Reporters came into the Hawkins County Education Training Center at the end of the meeting, which was held to let educators air their concerns and share ideas in the aftermath of the mass shooting in Parkland, Fla.
“Number one, all the educators said that every school needed a school resource officer,” said Roe, R-Tenn. “Many schools don’t have that. I think we are going to have to provide that to our students for safety. Secondly, we need to make it more difficult for someone who doesn’t need to be there to get in. We need to find out what the best practices are to increase student safety without disrupting the classroom.”
Roe noted that in Johnson City, Woodridge Hospital only has 11 beds for teenage students with mental health issues.
“Nationally, we’ve gone from a half-million mental health beds down to about 47,000,” Roe disclosed. “We want to get together with the new Ballad Health and see what they can do.”
Would the federal government step up and pay for more school resource officers?
“No, they are not going to do that,” Roe responded. “We can do it with a combination of the local system and state system and find out what the best practices are, what we should be doing. We’ve got to figure out how to fund the resource officer in every school.”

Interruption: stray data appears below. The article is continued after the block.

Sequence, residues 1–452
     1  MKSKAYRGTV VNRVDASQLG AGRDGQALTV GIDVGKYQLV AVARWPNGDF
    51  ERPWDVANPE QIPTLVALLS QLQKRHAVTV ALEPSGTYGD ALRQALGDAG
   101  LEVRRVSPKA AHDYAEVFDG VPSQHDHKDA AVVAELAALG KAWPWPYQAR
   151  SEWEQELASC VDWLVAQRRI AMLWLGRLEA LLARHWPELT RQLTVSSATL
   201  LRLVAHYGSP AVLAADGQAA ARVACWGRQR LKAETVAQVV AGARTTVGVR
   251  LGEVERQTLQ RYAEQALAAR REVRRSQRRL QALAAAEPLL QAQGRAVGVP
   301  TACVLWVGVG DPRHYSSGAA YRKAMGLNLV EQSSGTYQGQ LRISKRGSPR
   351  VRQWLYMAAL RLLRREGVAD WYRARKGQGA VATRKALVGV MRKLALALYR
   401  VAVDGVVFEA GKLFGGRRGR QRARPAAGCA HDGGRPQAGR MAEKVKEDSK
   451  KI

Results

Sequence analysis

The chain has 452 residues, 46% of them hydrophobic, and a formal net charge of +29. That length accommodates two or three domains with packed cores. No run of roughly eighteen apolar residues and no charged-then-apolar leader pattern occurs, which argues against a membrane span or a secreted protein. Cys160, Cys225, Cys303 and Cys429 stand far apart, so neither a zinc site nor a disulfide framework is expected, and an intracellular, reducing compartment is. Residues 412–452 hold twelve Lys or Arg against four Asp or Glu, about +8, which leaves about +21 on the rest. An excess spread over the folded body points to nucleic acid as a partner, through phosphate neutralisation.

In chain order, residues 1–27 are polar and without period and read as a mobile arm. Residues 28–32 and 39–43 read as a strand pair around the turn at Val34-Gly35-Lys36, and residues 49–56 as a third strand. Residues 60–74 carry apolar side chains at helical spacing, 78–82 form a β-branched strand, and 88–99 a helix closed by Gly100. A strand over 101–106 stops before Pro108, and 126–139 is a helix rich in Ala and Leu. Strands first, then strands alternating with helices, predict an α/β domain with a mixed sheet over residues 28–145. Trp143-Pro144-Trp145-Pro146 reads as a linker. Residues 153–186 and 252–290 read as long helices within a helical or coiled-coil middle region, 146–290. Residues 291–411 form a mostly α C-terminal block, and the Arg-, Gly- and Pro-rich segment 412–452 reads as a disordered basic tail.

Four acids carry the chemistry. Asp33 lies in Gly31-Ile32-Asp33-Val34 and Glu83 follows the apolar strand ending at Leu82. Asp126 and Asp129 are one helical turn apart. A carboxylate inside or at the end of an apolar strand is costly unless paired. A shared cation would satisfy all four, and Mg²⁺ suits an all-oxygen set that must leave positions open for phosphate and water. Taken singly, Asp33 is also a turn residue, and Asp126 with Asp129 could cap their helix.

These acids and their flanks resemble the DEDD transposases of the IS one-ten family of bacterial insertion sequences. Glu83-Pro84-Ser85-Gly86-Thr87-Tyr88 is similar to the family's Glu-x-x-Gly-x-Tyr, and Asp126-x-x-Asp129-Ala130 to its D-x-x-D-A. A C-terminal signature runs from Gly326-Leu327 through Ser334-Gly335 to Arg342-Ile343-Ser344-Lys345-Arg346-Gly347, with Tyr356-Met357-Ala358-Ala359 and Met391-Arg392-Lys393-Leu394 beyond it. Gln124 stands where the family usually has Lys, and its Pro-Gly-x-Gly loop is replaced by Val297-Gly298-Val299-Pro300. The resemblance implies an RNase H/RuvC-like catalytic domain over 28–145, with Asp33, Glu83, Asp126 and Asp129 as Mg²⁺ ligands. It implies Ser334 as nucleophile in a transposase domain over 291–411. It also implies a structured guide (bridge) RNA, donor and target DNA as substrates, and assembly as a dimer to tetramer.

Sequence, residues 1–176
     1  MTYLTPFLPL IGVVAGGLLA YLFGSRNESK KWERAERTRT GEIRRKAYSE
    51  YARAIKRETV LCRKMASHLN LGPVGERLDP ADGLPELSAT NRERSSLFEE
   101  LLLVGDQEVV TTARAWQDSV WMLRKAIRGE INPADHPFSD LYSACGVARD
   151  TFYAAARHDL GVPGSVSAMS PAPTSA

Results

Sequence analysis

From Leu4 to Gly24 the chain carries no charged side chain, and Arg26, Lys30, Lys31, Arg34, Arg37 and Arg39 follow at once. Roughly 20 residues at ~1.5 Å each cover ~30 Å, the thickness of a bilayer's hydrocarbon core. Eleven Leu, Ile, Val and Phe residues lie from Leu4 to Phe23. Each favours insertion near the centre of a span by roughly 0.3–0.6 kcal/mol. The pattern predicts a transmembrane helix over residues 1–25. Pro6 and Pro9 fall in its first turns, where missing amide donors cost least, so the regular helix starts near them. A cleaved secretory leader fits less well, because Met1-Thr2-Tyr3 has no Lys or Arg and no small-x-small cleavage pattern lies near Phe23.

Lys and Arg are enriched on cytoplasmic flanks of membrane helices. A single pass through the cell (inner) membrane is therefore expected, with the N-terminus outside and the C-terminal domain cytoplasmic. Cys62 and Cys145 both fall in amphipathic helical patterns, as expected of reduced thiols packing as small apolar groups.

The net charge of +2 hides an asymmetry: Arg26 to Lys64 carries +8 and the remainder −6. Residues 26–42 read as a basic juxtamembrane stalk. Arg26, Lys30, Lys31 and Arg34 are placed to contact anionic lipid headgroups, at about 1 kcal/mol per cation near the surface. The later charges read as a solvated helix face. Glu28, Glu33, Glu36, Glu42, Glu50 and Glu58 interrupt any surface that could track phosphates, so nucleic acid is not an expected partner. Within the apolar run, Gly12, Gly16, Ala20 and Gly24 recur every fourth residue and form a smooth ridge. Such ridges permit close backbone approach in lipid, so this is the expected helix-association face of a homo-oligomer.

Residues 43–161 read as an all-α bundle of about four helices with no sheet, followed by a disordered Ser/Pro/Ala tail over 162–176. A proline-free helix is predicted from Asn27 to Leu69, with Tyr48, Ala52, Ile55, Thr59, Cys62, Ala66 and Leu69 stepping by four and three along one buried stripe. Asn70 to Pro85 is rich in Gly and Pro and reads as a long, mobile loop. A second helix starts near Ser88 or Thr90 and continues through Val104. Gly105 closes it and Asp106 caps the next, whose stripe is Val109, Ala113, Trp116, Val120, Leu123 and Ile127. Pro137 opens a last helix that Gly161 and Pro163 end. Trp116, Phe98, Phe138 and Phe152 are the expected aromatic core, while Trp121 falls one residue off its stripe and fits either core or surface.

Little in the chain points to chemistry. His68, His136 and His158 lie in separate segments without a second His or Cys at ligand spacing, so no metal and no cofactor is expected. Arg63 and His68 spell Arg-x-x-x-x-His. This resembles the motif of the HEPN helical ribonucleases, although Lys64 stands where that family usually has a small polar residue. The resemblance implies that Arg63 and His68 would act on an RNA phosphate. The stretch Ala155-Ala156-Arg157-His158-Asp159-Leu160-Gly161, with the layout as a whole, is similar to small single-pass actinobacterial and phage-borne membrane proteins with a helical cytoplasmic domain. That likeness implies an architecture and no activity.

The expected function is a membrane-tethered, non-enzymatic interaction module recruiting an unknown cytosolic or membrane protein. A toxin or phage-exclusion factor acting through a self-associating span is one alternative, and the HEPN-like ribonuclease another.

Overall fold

Johnson City Superintendent of Schools Steve Barnett also didn’t think the federal government would pay for more school safety measures.
“There may be some grant money, but in the long run, there is no free money,” Barnett stressed.
Did anyone in the room say anything about arming teachers?
“We did bring that up,” Roe said. “Most of the feeling was like I had. … My first grade teacher … I can’t imagine her having a nine millimeter (pistol) on her hip. We talked about having a former police officer (in schools). That’s a different situation. The resource officer would absolutely have to know who (on the property) is armed.”